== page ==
MTU Aero Engines is stepping up efforts to support the adoption of hydrogen as a carbon-free fuel for air transport, with the start of engineering work for its joint project with the DLR German Aerospace Center to convert a Dornier 228 regional airliner. The partners expect to be ready to start ground testing subsystems during the second quarter of 2021 as they prepare for the first flight of the technology demonstrator in 2026.
The 19-seat aircraft, which has already been procured, will have one of its two Honeywell TPE331 turboprop engines replaced by a 500-kW electric motor, powered by electricity produced by hydrogen fuel cells. Under a partnership announced in early August, MTU will provide the propulsion system while DLR—the government-backed Deutsches Zentrum fur Luft und Raumfahrt agency—will be responsible for systems integration and certification. The partners will use the project, which has funding from the Bavarian state government, to validate MTU’s powertrain architecture.
At the same time, MTU says that it also views direct combustion of liquid hydrogen in gas turbine engines as a potentially faster means of adopting the alternative fuel. According to Dr. Stefan Weber, senior v-p of technology and engineering advanced programs, the required changes to the combustion chambers of engines could be made within “a few years” to allow for relatively easy modification of existing aircraft.
“There is a significant advantage in not having to change the current jet engines fundamentally and that means risk reduction in terms of the technology,” Barnaby Law, MTU’s chief engineer flying fuel cells, told AIN. “However, there are significant changes to the fuel supply system and infrastructure, so it is necessary to consider the overall environmental impact.”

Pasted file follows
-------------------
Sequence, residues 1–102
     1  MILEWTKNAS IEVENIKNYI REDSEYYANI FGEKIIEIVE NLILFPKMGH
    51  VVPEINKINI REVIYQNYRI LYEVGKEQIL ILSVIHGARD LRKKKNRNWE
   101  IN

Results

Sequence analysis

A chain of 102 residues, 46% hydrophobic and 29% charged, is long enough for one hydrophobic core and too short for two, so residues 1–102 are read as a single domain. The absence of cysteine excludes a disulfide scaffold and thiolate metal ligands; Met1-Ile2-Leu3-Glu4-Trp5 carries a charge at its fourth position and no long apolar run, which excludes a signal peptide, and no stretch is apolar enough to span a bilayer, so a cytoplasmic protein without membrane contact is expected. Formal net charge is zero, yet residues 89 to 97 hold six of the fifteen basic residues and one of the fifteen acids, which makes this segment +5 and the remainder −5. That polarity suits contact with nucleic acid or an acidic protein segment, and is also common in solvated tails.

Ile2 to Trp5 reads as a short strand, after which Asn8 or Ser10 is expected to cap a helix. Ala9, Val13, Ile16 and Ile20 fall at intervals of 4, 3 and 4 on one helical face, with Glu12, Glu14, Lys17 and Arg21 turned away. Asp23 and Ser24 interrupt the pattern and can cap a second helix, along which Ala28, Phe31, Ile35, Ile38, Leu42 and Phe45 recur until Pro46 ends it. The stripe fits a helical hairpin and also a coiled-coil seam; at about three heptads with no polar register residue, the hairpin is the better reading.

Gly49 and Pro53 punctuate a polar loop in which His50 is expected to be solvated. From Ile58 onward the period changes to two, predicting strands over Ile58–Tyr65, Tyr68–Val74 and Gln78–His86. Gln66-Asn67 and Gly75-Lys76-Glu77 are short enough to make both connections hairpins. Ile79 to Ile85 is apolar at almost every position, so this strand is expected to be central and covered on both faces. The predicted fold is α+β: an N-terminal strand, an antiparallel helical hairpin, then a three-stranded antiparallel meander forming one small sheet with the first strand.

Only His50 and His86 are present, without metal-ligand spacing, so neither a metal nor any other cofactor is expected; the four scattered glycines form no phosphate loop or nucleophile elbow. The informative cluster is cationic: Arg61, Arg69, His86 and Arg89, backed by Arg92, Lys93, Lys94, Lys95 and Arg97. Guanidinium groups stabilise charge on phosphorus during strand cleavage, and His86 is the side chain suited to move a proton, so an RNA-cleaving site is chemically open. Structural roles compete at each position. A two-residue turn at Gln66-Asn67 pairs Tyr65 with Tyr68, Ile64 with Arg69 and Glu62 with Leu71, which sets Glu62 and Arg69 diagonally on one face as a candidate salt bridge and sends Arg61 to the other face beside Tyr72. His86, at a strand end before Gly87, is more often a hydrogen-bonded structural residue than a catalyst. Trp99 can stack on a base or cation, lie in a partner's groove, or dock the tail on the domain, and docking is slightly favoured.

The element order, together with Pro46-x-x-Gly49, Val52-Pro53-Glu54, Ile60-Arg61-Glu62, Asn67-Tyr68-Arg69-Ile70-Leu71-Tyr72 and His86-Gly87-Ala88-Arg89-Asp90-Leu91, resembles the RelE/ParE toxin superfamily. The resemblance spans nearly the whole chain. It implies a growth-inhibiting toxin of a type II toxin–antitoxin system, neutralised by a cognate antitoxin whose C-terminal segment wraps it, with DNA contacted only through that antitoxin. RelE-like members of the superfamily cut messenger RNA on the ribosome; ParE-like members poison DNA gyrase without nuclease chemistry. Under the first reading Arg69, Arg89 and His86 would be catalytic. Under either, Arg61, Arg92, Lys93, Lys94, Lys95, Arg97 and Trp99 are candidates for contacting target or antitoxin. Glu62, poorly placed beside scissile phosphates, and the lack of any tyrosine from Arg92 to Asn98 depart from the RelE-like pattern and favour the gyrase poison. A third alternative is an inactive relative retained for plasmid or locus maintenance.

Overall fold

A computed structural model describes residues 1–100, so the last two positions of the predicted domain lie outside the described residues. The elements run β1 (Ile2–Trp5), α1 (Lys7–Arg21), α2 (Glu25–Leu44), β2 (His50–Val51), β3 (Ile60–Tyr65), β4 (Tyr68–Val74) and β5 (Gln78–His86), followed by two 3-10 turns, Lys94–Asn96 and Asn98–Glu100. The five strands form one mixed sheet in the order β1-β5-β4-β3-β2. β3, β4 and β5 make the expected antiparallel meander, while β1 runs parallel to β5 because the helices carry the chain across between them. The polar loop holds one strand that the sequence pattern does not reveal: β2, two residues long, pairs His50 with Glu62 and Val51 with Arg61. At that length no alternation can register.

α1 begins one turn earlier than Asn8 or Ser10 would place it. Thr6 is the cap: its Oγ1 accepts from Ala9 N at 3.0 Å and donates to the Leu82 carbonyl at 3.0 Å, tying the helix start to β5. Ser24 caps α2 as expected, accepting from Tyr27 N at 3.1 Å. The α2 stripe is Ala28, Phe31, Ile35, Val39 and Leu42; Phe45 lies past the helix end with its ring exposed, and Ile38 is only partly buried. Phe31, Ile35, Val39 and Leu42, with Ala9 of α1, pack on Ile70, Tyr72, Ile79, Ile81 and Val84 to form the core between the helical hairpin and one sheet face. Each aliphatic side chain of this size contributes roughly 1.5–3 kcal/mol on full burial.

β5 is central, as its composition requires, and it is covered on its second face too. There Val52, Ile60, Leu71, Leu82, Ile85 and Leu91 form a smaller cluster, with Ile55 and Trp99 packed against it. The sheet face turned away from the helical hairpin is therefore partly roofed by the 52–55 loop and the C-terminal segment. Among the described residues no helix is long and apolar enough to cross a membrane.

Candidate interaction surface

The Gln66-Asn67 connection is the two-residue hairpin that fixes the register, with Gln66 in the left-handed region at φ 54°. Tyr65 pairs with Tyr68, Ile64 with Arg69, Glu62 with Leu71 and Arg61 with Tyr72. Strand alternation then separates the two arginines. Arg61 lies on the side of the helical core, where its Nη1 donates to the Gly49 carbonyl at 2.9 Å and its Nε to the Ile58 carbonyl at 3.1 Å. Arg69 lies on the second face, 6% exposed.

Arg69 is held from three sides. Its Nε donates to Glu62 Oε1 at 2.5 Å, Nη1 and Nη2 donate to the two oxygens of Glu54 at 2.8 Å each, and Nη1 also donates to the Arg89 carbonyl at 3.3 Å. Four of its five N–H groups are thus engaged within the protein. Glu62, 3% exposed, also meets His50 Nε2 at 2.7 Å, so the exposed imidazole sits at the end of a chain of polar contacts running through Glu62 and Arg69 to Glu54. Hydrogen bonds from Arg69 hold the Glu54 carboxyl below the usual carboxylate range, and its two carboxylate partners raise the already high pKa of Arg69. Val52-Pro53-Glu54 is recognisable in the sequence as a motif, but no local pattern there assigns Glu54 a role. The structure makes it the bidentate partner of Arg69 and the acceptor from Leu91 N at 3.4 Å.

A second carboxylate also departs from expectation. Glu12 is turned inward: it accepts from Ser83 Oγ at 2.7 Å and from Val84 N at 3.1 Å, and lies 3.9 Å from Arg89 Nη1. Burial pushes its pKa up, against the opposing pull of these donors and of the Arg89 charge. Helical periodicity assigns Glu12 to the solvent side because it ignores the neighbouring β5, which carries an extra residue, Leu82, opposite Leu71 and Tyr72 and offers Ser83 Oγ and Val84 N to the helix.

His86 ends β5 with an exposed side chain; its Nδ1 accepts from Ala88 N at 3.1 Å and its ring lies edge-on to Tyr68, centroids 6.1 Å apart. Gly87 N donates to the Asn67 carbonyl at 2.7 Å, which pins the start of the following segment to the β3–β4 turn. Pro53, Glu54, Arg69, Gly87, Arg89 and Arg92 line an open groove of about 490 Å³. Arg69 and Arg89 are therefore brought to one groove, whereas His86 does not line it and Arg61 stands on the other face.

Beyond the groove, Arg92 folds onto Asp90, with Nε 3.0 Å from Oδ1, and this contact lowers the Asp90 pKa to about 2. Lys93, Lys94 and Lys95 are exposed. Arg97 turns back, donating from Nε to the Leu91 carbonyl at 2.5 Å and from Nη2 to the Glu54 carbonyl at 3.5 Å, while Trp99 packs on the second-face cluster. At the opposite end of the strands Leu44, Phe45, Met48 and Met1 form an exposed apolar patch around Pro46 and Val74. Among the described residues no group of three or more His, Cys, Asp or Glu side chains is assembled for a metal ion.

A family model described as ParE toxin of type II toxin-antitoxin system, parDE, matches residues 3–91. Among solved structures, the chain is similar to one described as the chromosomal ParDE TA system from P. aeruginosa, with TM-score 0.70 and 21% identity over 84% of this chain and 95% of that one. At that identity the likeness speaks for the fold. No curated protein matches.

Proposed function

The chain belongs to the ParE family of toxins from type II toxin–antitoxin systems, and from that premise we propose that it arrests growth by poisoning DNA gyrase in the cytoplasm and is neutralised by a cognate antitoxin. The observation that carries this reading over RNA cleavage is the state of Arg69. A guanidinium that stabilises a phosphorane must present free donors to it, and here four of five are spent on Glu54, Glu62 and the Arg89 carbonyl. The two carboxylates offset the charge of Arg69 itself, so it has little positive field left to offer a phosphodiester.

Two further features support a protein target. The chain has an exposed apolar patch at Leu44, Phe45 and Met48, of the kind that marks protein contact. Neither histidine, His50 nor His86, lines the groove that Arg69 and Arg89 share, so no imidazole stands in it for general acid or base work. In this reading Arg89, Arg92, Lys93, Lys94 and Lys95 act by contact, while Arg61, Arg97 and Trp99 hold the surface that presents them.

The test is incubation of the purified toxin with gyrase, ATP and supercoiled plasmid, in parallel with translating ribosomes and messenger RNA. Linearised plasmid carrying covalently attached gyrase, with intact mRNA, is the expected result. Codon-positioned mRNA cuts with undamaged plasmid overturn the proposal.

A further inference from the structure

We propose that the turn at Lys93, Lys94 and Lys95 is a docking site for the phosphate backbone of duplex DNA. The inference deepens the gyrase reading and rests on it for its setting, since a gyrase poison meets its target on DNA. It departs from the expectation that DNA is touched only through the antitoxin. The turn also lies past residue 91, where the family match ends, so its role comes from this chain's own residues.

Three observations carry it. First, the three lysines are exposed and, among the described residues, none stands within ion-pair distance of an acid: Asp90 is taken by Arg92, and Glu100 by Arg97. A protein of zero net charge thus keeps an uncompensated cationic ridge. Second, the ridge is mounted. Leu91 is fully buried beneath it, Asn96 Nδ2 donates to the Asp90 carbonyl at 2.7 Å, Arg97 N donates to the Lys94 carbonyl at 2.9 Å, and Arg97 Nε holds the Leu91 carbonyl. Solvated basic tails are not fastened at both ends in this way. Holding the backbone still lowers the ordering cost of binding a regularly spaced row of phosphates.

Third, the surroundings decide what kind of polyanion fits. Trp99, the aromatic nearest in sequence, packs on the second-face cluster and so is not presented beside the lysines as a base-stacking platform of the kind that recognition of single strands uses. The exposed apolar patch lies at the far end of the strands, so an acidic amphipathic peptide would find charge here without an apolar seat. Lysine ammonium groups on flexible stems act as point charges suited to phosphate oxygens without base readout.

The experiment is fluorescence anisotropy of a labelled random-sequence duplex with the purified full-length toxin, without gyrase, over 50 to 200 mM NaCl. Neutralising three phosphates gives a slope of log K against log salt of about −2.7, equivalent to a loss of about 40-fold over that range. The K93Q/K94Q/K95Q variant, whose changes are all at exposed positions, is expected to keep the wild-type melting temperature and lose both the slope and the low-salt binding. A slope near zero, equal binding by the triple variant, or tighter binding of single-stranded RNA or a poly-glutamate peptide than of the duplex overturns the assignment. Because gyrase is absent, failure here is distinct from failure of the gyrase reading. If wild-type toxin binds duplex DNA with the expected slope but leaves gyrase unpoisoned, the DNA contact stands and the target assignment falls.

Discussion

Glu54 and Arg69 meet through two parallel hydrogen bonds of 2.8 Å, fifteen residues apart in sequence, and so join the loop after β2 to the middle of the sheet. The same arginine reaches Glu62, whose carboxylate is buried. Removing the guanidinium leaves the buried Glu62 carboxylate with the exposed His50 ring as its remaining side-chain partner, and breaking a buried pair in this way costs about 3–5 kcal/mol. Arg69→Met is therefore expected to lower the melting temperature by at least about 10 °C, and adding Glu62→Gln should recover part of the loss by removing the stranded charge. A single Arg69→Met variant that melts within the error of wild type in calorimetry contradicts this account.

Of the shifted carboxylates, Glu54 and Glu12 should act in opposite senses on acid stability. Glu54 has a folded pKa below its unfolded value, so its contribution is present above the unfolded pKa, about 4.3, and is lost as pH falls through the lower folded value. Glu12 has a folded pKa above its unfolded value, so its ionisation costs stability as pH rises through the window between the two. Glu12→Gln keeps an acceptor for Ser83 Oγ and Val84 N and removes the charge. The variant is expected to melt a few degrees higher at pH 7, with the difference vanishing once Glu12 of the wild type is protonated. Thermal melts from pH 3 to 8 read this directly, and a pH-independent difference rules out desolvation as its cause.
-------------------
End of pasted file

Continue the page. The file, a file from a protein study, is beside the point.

In this regard, MTU evidently views hydrogen fuel cells powering new electric motors to be a better long term solution. Ultimately, the German company believes it could produce new propulsion systems able to power aircraft as large as the Airbus A320 and Boeing 737 narrowbody airliners.
This week, MTU said it welcomed Airbus’s recent announcement of plans for its ZeroE program to develop three possible concepts for hydrogen-powered airliners carrying between 100 and 200 passengers on flights of up to around 2,000 nm. “Hydrogen is a highly attractive future option for us as an engine producer as well,” said MTU chief operating officer Lars Wagner. “It should be used as a fuel right away.”
Law told AIN that there is growing consensus in the air transport sector around hydrogen being the most viable path to sustainability. In his view, some aircraft manufacturers will opt for direct hydrogen combustion while others pursue new a powerplant based on fuel cells. He added that direct combustion could be a first step for weaning some existing aircraft off jet-A fuel, to be followed by full conversion to fuel cells when these are available.
“The infrastructure questions isn’t a no-go item,” said Law. “The main question is how much [hydrogen] do you have to sell to make it economically viable.”
This story comes from the new FutureFlight.aero resource developed by AIN to provide objective, independent coverage, and analysis of new aviation technology, including electric aircraft developments.